Furthermore, the advert continues in this style, anthropomorphizing the dog to a larger extent. It tells us that – “For just one pound a week” – we can sponsor an abandoned dog like the one above. In contrast, the ActionAid ad uses much deeper techniques. It too combines both a photo and a rhetorical question. It’s image though, depicts a small child, crying, and asks the question – “What if we all sponsored a child?” This is much more thought provoking, and suggests the charity is aiming for an older audience, due to the more aggressive feelings it incites; guilt, pity, sorrow.

Throughout the next paragraph, the NCDL advert quite cleverly gives out information on its organisation, by adding bits onto the end, or in between, its sentences. This allows it to continue with its loose style, and the first-person perspective, and still provides the reader with information – though older readers may desire more than is given. The language used is basic, the text is large and bold, and throughout the advert the point is made about how little money it is to pay.

This is our largest clue as to the audience; the price is well within the boundaries of most children, and most children will be able to understand the advert. In effect, the simple design of the whole advert, from the heading, to the form at the bottom, is very simple. On the contrary, the form at the foot of the ActionAid ad is rather complicated, and is not the most appealing to younger viewers. It’s text is small, and it uses a more complex vocabulary and sentence structure.

It states exactly what you will get in return for your sponsorship, and what your money will do. It reassures you as to where your money is going, and tries to dissipate any doubts you might have about the charity – these are the fears of older customers, proof once again that this ad is trying for a more mature audience. The NCDL, however, tries to sway it’s readers with incentives, such as certificates, updates, and the apparent promise of “unconditional love from your new friend.” This is effective in its own way, as you will see.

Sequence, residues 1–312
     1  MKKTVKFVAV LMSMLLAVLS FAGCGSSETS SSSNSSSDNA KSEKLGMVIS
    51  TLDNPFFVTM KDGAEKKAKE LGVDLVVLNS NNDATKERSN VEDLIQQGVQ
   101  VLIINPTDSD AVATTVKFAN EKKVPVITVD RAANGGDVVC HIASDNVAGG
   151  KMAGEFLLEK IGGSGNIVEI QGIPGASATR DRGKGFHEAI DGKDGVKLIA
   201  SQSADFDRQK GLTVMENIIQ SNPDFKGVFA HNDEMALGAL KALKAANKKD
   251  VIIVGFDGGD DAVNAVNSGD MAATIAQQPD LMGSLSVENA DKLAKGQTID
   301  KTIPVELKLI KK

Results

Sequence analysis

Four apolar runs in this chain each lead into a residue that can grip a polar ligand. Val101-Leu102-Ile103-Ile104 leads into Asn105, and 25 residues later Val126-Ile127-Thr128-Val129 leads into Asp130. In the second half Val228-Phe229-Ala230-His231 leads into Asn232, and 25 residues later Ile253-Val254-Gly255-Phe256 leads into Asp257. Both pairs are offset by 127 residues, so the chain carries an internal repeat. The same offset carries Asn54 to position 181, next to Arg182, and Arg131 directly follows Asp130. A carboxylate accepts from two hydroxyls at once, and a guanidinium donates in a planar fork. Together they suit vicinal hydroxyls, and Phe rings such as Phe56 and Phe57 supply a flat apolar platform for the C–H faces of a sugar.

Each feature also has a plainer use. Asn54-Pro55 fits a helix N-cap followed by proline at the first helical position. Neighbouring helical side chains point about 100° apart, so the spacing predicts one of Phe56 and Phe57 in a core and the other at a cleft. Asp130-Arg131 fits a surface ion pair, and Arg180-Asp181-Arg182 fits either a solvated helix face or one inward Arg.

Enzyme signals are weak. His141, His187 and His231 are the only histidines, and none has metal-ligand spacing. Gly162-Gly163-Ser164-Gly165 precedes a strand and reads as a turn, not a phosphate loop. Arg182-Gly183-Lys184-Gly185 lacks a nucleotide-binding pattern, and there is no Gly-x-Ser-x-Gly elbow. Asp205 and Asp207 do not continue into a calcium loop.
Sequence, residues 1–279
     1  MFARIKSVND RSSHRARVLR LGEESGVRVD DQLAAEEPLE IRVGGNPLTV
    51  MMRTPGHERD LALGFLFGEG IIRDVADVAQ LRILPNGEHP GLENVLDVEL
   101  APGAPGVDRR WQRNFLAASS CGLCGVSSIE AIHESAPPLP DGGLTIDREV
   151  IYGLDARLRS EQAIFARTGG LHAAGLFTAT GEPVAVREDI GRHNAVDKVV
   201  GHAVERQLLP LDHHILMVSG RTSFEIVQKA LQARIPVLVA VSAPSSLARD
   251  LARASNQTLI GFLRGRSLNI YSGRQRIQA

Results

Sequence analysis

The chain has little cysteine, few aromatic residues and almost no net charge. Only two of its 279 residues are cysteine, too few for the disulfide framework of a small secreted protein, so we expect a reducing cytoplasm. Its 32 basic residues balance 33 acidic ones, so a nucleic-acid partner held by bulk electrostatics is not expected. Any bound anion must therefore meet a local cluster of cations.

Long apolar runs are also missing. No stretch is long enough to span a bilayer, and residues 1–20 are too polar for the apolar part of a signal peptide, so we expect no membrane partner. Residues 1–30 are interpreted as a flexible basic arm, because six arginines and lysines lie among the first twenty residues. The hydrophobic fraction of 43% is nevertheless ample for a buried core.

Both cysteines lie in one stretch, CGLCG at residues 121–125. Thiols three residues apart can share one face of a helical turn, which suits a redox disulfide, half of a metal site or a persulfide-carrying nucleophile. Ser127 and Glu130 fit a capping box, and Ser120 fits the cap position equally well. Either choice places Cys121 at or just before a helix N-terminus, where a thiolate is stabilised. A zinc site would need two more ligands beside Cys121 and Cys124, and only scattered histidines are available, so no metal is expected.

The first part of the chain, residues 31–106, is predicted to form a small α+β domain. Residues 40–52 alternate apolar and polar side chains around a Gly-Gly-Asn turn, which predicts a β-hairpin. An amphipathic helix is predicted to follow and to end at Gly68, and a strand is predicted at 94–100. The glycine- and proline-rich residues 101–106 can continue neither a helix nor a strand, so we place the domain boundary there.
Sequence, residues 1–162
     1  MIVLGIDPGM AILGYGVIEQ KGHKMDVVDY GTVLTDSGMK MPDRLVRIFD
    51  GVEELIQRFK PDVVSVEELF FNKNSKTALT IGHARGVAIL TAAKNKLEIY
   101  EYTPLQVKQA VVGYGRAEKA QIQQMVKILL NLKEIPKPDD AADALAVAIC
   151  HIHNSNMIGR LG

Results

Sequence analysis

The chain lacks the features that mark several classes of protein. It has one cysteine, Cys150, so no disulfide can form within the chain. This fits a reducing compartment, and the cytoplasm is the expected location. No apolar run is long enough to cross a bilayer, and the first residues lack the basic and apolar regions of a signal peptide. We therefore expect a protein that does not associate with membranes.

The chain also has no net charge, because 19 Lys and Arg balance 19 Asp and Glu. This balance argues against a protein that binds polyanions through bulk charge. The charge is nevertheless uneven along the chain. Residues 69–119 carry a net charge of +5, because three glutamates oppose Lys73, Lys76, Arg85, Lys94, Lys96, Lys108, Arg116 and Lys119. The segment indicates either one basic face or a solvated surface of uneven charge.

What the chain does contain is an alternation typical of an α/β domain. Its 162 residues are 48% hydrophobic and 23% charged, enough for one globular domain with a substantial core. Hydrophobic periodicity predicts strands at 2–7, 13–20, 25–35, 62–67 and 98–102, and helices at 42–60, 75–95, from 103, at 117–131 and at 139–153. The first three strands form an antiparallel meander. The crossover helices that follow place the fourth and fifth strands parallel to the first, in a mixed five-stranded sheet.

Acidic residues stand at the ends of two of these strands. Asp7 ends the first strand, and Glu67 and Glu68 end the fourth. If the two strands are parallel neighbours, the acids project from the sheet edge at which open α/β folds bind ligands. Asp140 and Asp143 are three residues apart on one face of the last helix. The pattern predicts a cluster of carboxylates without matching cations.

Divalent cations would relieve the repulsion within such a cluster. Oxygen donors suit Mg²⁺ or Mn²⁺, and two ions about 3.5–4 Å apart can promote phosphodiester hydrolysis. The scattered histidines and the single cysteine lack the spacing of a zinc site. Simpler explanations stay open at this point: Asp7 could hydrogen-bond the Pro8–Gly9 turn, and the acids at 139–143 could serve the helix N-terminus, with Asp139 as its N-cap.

Both adverts are effected by the factors discussed before. The NCDL needs only a relatively small amount of money for it’s purpose, and so it’s target audience is younger than that of other charities. It’s cause will also appeal more to those of a younger age. ActionAid needs a greater amount of income to support itself, and so is forced to target an older audience. It’s audience is reflected in its more elaborate use of language, and the use of emotive words and phrases. To win over its readers, it must play upon their feelings, make them feel guilty for not donating, something which also only works on an older audience.

On the other hand, the NCDL uses incentives to gain supporters, once again suggesting a younger audience. It offers the reader certificates and similar merchandising for their money, although it still uses some of the techniques of the abovementioned ActionAid advert. Neither of these methods are right or wrong. The NCDL tries to mislead the reader into thinking that he or she are not donating money, but instead buying overpriced certificates on their chosen dog, and novel birthday greetings from their desired canine. ActionAid belligerently attacks the reader with guilt and shame, forcing the reader to donate money merely for piece of mind.

Put this bluntly, each sounds rather malicious and aggressive, but then again, for charities, advertising is a complex business, whereby the commercial designer is requested to advertise the sale of something that does not exist. Both adverts are trying to sell to the reader feeling and emotions, a hard task by anyone’s standards. This is why charitable adverts make for an interesting study, and why their techniques are so appealing for comparison.